The EU set up the Committee of the Regions in 1994 with a huge lie. Its real purpose was to establish direct governance links between Brussels and European local government whilst bypassing those pesky democratic national governments and states. Sometime over the last ten or fifteen years, the EU decided either that this regional policy was a huge error or that, following the Treaty of Lisbon, that it was no longer needed. Today the Committee of the Regions is a poorly-funded embarrassment in Brussels, with an unknown President (the fourth or fifth EU President?), currently Karl-Heinz Lambert, and the third-smallest budget in the EU, largely spent on itself. The EU will never abolish it, of course, but it will just be gradually pushed further and further to the margins, absent from news releases, ignored, underfunded and unfashionable. Its Presidents and members feature on no ballot papers, and I'll bet there's not more than half a dozen people in the UK who know more than one of our 24 members. Shortly to go.

Yet during its lifetime, it has wasted more money and fomented more conflict than pretty much any other EU cabal. Ambitious regions, in conflict with their national governments, have even established 'embassies' in Brussels, in the most egregious display of snouts-in-the-trough misuse of tax money. Catalunya is one consequence, one that the EU now bitterly regrets.

It is quite possible that Catalonia will gain independence, but not from this referendum, at least not with any legitimacy. It will take a proper referendum, sanctioned by the Spanish government, overseen by observers, absent threat or coercion. 

What a bloody mess. What utter stupidity - Spain's and the EU's. Forgive me, but everything the EU touches turns to shit. This could all have been avoided if skill and experience rather than zealotry and purblind anti-democracy had driven these fools.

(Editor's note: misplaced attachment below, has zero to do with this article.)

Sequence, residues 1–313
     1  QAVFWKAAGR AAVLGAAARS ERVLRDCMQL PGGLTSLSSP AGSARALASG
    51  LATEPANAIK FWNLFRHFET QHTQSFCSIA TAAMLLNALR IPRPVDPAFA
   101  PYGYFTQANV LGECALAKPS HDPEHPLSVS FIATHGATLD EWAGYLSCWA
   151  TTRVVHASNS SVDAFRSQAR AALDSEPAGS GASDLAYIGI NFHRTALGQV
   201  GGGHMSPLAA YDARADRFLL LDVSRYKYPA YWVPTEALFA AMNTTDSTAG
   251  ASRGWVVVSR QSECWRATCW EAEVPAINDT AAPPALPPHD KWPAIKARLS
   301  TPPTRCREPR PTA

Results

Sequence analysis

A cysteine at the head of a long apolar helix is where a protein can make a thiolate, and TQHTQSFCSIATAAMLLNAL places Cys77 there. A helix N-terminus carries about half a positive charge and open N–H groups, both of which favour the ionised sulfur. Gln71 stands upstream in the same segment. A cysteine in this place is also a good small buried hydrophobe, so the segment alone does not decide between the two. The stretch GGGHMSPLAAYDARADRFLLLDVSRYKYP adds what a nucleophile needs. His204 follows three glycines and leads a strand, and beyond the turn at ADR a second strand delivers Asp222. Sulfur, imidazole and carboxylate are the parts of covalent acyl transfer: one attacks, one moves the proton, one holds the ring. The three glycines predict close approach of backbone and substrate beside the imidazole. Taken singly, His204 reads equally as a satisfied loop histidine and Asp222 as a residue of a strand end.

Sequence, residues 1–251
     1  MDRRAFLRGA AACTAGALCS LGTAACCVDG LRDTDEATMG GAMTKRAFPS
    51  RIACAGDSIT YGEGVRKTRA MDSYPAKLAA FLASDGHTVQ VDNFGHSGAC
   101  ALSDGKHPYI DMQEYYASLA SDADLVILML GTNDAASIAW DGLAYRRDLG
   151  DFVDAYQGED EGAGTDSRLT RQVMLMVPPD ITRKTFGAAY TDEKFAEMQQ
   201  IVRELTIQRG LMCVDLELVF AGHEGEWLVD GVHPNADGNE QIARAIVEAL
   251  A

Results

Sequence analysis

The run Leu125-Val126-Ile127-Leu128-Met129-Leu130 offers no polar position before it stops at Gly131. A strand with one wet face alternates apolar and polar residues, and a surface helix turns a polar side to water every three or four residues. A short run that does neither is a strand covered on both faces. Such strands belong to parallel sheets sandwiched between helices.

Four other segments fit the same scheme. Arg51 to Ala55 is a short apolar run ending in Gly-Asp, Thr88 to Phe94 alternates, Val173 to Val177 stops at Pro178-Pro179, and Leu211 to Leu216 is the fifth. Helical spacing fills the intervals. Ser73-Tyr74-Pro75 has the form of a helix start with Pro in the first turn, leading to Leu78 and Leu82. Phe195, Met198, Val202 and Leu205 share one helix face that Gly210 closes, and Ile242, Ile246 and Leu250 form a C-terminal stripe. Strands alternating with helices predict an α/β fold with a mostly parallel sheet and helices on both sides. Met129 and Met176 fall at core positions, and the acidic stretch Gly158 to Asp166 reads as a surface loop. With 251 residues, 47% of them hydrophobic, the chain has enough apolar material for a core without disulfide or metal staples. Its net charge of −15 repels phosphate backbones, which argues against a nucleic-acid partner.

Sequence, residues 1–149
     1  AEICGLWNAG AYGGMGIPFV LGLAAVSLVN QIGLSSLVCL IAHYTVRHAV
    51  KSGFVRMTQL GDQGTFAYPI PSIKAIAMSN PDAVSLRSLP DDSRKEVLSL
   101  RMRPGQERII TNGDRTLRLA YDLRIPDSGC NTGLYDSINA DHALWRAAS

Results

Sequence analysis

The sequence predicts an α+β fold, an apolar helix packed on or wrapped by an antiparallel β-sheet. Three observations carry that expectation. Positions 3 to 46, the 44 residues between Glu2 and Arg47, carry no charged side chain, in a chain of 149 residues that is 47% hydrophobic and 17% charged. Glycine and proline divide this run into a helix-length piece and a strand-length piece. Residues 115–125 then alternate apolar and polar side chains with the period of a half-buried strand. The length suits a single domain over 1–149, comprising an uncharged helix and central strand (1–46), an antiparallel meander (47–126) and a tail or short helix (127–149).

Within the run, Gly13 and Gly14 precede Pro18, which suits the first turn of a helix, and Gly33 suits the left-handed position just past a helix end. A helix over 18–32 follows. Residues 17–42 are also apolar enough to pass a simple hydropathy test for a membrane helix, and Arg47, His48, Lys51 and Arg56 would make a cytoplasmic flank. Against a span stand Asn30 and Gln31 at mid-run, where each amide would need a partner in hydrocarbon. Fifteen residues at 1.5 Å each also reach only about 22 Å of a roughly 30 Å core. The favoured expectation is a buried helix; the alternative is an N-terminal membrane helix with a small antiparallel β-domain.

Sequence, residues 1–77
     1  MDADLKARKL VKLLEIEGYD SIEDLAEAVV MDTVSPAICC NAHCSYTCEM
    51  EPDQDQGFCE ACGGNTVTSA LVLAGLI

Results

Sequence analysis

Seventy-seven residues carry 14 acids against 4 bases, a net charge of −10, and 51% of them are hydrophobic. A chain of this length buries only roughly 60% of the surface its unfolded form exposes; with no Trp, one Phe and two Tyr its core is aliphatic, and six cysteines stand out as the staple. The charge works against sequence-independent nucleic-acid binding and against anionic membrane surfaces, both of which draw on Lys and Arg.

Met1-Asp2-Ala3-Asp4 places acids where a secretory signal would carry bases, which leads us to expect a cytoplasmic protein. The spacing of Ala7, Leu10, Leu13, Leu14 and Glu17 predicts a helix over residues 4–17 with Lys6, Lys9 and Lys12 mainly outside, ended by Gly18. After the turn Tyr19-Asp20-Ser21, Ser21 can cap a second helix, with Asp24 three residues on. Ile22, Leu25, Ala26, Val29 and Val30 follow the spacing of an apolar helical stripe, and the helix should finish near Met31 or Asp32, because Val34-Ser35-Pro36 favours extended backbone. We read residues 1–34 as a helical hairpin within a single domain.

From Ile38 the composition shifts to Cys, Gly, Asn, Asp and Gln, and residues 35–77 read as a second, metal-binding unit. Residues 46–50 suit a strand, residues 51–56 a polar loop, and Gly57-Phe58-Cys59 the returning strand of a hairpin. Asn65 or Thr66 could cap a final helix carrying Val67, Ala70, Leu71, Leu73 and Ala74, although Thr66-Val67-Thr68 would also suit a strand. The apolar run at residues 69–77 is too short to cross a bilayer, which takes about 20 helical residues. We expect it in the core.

Sunday, 1 October 2017

EU seeks to destroy self-determination

The UK, post-WWII, has been one of the world's most fervent upholders of the rights of a people to self-determination. From Palestine in '45-47, Indian independence in '47, the wave of African independence in the 1950s right through to officially arranging TWO independence referenda in Scotland, few nations have done more to defend and promote self-determination.

In return, we assert those rights on behalf of the people of Gibraltar and the Falkland Islands. And also, with greater finesse, for the people of Northern Ireland, a falling majority of whom wish to remain part of the UK. 

Indeed, the West was very much in favour of self-determination until the fall of the Wall, when strangely there was a shift towards the idea of 'territorial integrity' trumping self-determination. Oh sure we believe in self-determination, said the EU, except when territorial integrity is more important. So for Western Ukraine, self-determination but for Crimea, territorial integrity. The EU's unelected officials love the new approach; it allows Imperial inconsistency. For an antidemocratic organisation that has fomented war and conflict in the Balkans, Ukraine and Baltic, which has encouraged the Spanish neo-fascists to provoke an armed incident in Gibraltar, it's therefore no surprise that the EU is wholly behind the neo-fascists in suppressing the people of Catalonia. Maybe Germany and France are even prepared to offer new Condor Legions to help the fascists.   

Now the EU, an unelected empire renowned worldwide for foreign policy incompetence, for creating division and for fomenting conflict, is blundering clumsily, foolishly and maliciously into Northern Ireland. The province is a matter for the British and Irish governments alone, and for the people of the province alone to determine. We can simply not allow the EU to destroy the carefully wrought peace. If they try to re-ignite armed conflict there, we must drop all defence and intelligence co-operation immediately, and walk away from Brexit talks. 

The anti-democratic nomenklatura in Brussels must learn one lesson - the power of the ballot box, whether in Catalonia or anywhere else.

Catalan independence supporter wounded by EU police today